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Germplasm resources

There is a diverse array of products emanating from ICRISAT’s mandate crops chickpea, pigeonpea, groundnut, sorghum, pearl millet and finger millet — that have been derived from tangible outputs of projects. These are listed under the categories of Germplasm, Genomic resources, Informative markers and and Informatics Application/Tool.

Germplasm product catalogue

PDF Standard material transfer Agreement (English)
PDF Standard material transfer Agreement (French)

Varieties and hybrids

Global warming is inevitable and will have major impacts on climates worldwide. ICRISAT believes that we need to anticipate a drier and warmer climate and join efforts to promote and develop varieties of climate hardy crops that are adapted to hot, dry climates and erratic rains. Among such varieties developed by ICRISAT along with its partners are super-early chickpea, drought-escaping groundnut cultivar ICGV 91114, terminal drought-tolerant stay-green sorghum, pearl millet flowering at >40+oC, super-early pigeonpea and many others.

Ghana News Agency: ICRISAT introduces new groundnut varieties in northern Ghana

https://www.ghanabusinessnews.com/2017/09/10/icrisat-introduces-new-groundnut-varieties-in-northern-ghana/

ICRISAT Scientists Use Double-defense Biotech Approach to Produce Aflatoxin-free Peanuts

http://www.isaaa.org/kc/cropbiotechupdate/article/default.asp?ID=15877

Moving towards the restoration of groundnut pyramids in northern Nigeria

http://www.icrisat.org/moving-towards-the-restoration-of-groundnut-pyramids-in-northern-nigeria/

Potential of new improved sorghum varieties boosts farmers’ confidence in Nigeria

http://www.icrisat.org/potential-of-new-improved-sorghum-varieties-boosts-farmers-confidence-in-nigeria/

Introducing groundnut varieties more tolerant to Rosette disease in Tanzania

http://www.icrisat.org/groundnut-varieties-more-tolerant-to-rosette-disease-in-tanzania/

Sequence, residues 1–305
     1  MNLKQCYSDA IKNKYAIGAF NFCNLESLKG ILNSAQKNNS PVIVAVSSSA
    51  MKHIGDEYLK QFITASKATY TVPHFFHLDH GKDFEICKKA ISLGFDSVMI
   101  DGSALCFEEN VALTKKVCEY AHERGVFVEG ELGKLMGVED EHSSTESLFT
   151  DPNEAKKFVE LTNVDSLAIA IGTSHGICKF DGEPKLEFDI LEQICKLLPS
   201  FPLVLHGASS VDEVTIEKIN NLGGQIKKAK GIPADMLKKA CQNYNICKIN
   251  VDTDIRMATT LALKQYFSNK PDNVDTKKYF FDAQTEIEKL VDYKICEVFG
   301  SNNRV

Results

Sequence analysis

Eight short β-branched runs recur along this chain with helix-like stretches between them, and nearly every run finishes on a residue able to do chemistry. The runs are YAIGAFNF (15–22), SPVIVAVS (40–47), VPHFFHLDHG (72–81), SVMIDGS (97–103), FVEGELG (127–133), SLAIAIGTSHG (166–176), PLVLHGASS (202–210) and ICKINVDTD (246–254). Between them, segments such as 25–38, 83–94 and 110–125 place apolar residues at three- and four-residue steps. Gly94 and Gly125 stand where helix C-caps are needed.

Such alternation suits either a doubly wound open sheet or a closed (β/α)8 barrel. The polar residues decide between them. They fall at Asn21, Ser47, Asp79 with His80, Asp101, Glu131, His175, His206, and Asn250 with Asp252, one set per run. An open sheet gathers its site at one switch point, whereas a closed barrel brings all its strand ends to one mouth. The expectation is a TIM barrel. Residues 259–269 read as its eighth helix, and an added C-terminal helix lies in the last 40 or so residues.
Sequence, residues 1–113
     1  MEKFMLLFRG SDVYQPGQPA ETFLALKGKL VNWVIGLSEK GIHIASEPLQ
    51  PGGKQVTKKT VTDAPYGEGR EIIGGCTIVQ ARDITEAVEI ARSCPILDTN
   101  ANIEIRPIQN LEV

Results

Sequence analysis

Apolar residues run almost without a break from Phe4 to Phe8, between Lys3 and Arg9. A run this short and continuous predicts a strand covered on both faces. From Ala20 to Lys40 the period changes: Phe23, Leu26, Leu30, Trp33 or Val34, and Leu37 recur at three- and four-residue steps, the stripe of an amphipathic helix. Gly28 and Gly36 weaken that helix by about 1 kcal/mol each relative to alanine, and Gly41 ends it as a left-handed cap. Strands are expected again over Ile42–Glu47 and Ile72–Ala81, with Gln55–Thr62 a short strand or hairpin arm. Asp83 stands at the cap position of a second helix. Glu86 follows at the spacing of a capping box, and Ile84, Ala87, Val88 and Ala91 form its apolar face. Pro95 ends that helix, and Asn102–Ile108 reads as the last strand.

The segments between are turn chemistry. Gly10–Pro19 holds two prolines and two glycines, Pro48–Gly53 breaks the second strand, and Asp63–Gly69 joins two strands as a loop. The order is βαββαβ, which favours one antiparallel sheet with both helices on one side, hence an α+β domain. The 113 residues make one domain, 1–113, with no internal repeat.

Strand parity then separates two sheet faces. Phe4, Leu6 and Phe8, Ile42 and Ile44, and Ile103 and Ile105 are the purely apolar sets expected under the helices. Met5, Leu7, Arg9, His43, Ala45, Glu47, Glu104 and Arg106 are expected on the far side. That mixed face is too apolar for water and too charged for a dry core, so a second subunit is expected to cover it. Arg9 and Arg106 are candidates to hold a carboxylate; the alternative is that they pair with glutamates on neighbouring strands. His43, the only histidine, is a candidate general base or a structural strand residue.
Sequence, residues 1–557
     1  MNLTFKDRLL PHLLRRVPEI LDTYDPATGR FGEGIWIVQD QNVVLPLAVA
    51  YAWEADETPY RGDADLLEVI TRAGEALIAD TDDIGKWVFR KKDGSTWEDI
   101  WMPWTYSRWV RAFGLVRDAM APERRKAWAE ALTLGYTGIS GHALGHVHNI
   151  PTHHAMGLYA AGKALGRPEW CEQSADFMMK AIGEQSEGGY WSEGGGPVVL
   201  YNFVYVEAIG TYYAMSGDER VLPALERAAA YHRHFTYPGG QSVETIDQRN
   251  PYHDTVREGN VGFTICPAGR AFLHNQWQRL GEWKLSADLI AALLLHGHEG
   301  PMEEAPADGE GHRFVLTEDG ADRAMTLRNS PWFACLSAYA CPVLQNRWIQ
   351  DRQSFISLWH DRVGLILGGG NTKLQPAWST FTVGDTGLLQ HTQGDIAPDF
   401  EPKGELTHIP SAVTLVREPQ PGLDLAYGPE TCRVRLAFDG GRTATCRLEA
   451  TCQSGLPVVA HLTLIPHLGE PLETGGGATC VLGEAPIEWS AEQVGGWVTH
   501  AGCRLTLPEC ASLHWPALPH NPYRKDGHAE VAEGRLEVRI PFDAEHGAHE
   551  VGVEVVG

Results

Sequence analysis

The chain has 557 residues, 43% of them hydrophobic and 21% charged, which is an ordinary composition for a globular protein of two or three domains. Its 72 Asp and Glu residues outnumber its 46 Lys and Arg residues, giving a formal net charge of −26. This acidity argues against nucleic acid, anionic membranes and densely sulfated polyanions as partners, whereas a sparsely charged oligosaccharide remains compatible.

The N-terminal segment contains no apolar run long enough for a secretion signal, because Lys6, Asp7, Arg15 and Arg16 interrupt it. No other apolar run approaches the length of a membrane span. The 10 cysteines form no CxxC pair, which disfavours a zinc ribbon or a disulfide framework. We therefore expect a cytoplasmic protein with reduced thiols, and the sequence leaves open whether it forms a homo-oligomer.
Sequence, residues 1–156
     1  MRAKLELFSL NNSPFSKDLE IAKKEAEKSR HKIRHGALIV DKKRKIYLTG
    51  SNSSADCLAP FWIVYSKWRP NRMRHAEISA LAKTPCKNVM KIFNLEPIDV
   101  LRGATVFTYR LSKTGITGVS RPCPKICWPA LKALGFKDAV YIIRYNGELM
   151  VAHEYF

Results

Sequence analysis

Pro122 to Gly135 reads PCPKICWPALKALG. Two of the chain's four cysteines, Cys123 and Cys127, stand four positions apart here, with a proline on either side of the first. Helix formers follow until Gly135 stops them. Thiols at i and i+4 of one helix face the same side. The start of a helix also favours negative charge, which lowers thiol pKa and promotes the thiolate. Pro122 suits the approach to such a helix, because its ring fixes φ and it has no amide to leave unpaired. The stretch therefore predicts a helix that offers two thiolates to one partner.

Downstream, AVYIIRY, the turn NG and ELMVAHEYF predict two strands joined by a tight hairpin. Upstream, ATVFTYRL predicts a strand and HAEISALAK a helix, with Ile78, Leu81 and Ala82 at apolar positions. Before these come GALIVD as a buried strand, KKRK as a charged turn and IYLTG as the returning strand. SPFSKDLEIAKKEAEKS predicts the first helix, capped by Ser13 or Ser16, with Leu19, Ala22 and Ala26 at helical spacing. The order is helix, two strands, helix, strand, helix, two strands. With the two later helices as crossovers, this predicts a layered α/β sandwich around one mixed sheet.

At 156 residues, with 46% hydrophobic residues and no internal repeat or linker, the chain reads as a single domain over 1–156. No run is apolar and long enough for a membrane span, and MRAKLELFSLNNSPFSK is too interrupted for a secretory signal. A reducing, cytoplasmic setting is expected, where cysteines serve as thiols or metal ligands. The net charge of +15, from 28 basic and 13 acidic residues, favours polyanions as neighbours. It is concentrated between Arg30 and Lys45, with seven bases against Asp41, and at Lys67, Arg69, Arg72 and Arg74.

Indian smallholder farmers could soon benefit from the growing confectionary peanut market, as the first-ever high oleic groundnut varieties adapted to India are ready for release

http://www.icrisat.org/indian-smallholder-farmers-could-soon-benefit-from-the-growing-confectionary-peanut-market/

Molecular markers for the determination of fertility restorer lines

Pigeonpea [Cajanus cajan (L.) Millsp.] is an important grain legume cultivated in over 6 million hectares in tropical and sub-tropical regions of developing countries. Cytoplasmic genetic male sterility (CGMS) systems in plants facilitate commercial hybrid seed production because of the following advantages:

  • Avoidance of enormous manual work of emasculation and pollination
  • Potential for large-scale production of F1 seeds
  • Potential for speeding up hybridization program

The use of CGMS system in developing hybrids is only possible when effective maintainer lines and restorer lines are identified. ICRISAT scientists developed molecular markers that can be used to identify/differentiate fertility restorer lines from non-restorer lines. As part of this invention, ICRISAT scientist developed primers (that can be used to amplify genomic segments associated with fertility restoration in pigeonpea) for accelerating the process of identification of fertility restorer lines of pigeonpea.

Public Disclosure: https://www.icrisat.org/wp-content/uploads/2019/10/Molecular-markers-for-the-determination-of-fertility-restorer-lines.pdf

Cytoplasmic male sterile gene orf147 of pigeonpea

Pigeonpea hybrid technology with A4 (Cajanus cajanifolius) cytoplasm involving a three-parent system is considered one of the breakthrough technological interventions in pulse breeding. This male sterile source – ICPA 2039 – has been transferred into a number of genetic backgrounds and is highly stable across environments. However, the source of male sterility remained unknown for almost a decade. In early 2018, researchers at ICRISAT identified the mitochondrial locus responsible for cms in line ICPA 2039 of pigeonpea (Cajanus cajan), obtained from ICP 2039, a pigeonpea variety from ICRISAT’s Genebank.

Since those skilled in the art for convenience and commercial benefits are capable of creating variations and make exclusive use of this knowledge to their advantage, it was decided to protect this technology for the benefits of smallholder agriculture communities.

Public Disclosure: https://www.icrisat.org/wp-content/uploads/2019/10/Cytoplasmic-male-sterile-gene-orf147-of-pigeonpea.pdf

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